Martha Bourke: Mysteries of the Mayans
July 9, 2012
This week’s featured guest blogger is Martha Bourke, author of Jaguar Sun.
I have always loved foreign languages and cultures. I was a Spanish teacher for fifteen years. I’ve also always loved to write. For many years I wanted to write a novel with a Hispanic theme and a strong Young Adult female protagonist. The catch was that I wanted it to be fantasy. Multicultural fantasy is an up and coming genre for sure, but that doesn’t mean combining those two elements is easily done.
Then in December 2011, I took a sabbatical from teaching. Over Christmas, I decided I wanted to write while I was out. Maya’s character popped into my head not long after. She started out as a normal teen living somewhere in the southwestern United States. I knew she was Hispanic, I knew she was abandoned by her mother, and I knew she was close to her grandmother.
But, where was the magic? Where was all the cool stuff? I’m a YA paranormal kind of girl. It’s what my friends and I read by the bucket. Thanks to all those years teaching Spanish, I hardly had time to stress about it before the whole 2012 Mayan Calendar idea hit me. From there I realized that Maya would be of Mayan ancestry and a shape-shifter. So there were really two cultures to write: the Mayan and the shape-shifter.
Shape-shifting lore can be found in most cultures around the world, so when I began to write Jaguar Sun, there certainly wasn’t a shortage to choose from. The biggest challenge for me was choosing something that would go well with the overarching Mayan theme of the first book in the series. From that perspective, it made sense to go with more of a Native American style shifter, like some form of skin walker. At the same time, I wanted to come up with a fresh angle on shape-shifting. That was easier said than done. Like werewolves, vampires, and other creatures, they have been written about a lot in YA. What I didn’t realize was that by focusing on the first, I would also accomplish the second.
As I did my research on the Mayan culture, I discovered that there is a Mayan belief that we all have a spirit companion or protector in the otherworld that’s in the form of an animal. This spirit, called a Nahual, can help its human solve problems, bring luck, etc. It reminded me a lot of the animal totems of Native cultures in the United States and Canada. Many Mayans believe that they’re tied into our personality traits based on the Mayan horoscope and the day that we’re born. As I dug a bit deeper, I found out that certain shamans in Mayan culture are believed to be able to actually take the form of their Nahual. Ha! Shape-shifters!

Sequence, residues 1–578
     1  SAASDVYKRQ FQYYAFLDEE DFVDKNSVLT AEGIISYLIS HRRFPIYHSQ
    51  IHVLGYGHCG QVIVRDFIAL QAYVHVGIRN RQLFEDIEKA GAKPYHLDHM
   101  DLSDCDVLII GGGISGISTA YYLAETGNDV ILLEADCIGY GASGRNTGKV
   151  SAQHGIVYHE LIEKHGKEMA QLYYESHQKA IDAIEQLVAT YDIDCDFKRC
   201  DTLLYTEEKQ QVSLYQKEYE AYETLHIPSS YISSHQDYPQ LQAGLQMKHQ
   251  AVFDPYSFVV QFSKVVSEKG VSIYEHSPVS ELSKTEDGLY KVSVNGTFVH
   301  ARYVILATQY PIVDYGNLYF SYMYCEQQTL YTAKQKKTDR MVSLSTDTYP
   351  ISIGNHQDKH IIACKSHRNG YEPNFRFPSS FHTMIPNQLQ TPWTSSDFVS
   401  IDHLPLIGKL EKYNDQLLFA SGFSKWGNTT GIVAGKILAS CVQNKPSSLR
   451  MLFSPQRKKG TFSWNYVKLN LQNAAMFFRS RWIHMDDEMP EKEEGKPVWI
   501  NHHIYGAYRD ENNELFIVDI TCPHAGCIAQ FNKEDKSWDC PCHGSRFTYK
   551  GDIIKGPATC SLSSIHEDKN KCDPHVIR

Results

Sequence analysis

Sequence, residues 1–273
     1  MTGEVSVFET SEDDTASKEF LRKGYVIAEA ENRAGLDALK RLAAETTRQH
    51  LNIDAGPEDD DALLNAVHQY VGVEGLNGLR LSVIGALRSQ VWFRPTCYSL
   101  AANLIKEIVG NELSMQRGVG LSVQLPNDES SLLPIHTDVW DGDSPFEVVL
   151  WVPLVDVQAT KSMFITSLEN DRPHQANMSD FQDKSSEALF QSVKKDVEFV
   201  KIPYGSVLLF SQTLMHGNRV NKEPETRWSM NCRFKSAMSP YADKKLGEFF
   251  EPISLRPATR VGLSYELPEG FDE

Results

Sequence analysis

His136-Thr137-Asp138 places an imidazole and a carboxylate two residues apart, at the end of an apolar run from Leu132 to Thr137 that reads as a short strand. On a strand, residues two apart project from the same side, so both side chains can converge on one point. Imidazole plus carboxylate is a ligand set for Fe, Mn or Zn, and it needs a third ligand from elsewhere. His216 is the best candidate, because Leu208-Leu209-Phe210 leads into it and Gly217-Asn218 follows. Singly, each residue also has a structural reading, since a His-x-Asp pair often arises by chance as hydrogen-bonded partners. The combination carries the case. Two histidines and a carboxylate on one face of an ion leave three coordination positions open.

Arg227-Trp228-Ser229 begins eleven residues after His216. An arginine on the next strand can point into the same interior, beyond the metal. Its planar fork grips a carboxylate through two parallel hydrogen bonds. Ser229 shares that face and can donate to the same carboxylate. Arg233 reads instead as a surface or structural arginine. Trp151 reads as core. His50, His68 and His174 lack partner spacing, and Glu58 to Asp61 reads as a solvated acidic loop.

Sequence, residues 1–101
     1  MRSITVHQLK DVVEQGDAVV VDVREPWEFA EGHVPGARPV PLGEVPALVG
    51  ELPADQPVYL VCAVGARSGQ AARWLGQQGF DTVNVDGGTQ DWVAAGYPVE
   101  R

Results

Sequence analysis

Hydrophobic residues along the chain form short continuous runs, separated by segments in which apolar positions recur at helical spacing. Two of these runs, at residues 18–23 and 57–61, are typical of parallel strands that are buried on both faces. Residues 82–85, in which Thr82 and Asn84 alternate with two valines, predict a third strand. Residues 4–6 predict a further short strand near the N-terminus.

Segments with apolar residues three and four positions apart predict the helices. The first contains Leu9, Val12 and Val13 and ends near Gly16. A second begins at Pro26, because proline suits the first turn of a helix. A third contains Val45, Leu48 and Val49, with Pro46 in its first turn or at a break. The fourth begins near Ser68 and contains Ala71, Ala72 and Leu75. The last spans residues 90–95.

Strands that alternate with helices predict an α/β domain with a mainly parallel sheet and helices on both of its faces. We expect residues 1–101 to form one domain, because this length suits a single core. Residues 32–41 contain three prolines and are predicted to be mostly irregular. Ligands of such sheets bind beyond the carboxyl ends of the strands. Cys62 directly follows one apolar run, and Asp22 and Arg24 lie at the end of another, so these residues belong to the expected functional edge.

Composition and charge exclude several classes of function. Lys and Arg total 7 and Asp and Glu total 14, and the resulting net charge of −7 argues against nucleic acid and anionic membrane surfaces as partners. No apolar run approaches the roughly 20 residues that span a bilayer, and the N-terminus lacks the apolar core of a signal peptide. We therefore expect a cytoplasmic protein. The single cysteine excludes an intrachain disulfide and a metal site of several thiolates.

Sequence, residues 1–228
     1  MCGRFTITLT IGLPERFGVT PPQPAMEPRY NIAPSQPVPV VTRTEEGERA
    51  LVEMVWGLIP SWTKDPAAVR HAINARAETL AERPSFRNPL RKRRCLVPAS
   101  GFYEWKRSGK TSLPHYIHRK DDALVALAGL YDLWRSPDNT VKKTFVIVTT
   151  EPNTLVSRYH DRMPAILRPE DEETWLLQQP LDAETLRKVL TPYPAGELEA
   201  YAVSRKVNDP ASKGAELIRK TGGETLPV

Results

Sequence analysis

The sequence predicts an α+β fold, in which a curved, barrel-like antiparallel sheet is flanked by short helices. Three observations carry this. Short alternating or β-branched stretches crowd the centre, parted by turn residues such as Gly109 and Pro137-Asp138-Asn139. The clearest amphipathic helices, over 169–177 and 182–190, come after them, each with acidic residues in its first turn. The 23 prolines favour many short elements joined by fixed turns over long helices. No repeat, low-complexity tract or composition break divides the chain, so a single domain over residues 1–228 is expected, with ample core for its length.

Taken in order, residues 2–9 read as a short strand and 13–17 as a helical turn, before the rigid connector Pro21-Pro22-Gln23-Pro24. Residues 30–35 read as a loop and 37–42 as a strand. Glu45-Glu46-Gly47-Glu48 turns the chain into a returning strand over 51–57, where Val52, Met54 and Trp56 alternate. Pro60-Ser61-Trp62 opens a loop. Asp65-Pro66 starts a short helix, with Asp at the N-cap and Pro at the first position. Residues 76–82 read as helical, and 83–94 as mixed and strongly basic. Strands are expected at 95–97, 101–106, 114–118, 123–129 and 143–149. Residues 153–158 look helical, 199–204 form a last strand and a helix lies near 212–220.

Another interesting tie-in was a second universal theme: the existence of life force or energy. As I researched, I found that the Mayans believe there is an energy field that originates in the divine and flows through all things. The easiest to pronounce word that I found for it was k’ul, so that’s what I used. The Mayan language looks very complex to the eye and can seem daunting to read. So I went with Mayan words that I thought would be most appealing to the eye. I added it to my shape-shifter culture, writing it so that the shifters had more of this energy than others and that is what allowed them to take on the animal forms of their spirit companions. Add even more k’ul to my protagonist, and poof – extra abilities!
As I wrote, I added other Mayan beliefs to my shape-shifters, as well as some of my own ideas. Over time they become more and more unique (I don’t want to give it all away here). I also decided that tying them to spirit magic rather than a scientific explanation would allow them to be more misunderstood by the people around them. That’s always handy for upping the teen angst factor in a Young Adult novel. That lack of acceptance in the general population also created an innate trust among the shifters in Jaguar Sun that was important to the plot.
As I wrote, the Mayan culture and shape-shifting merged and created a brand new culture that would become the world of Jaguar Sun. There is so much mythology surrounding the two subjects that working with it is like heaven, even as I write Book Two, Jaguar Moon. Since much of the first half of the series takes place in Mexico, I also get to add in lots of Hispanic culture as well. It’s a writer and Spanish teacher’s dream come true.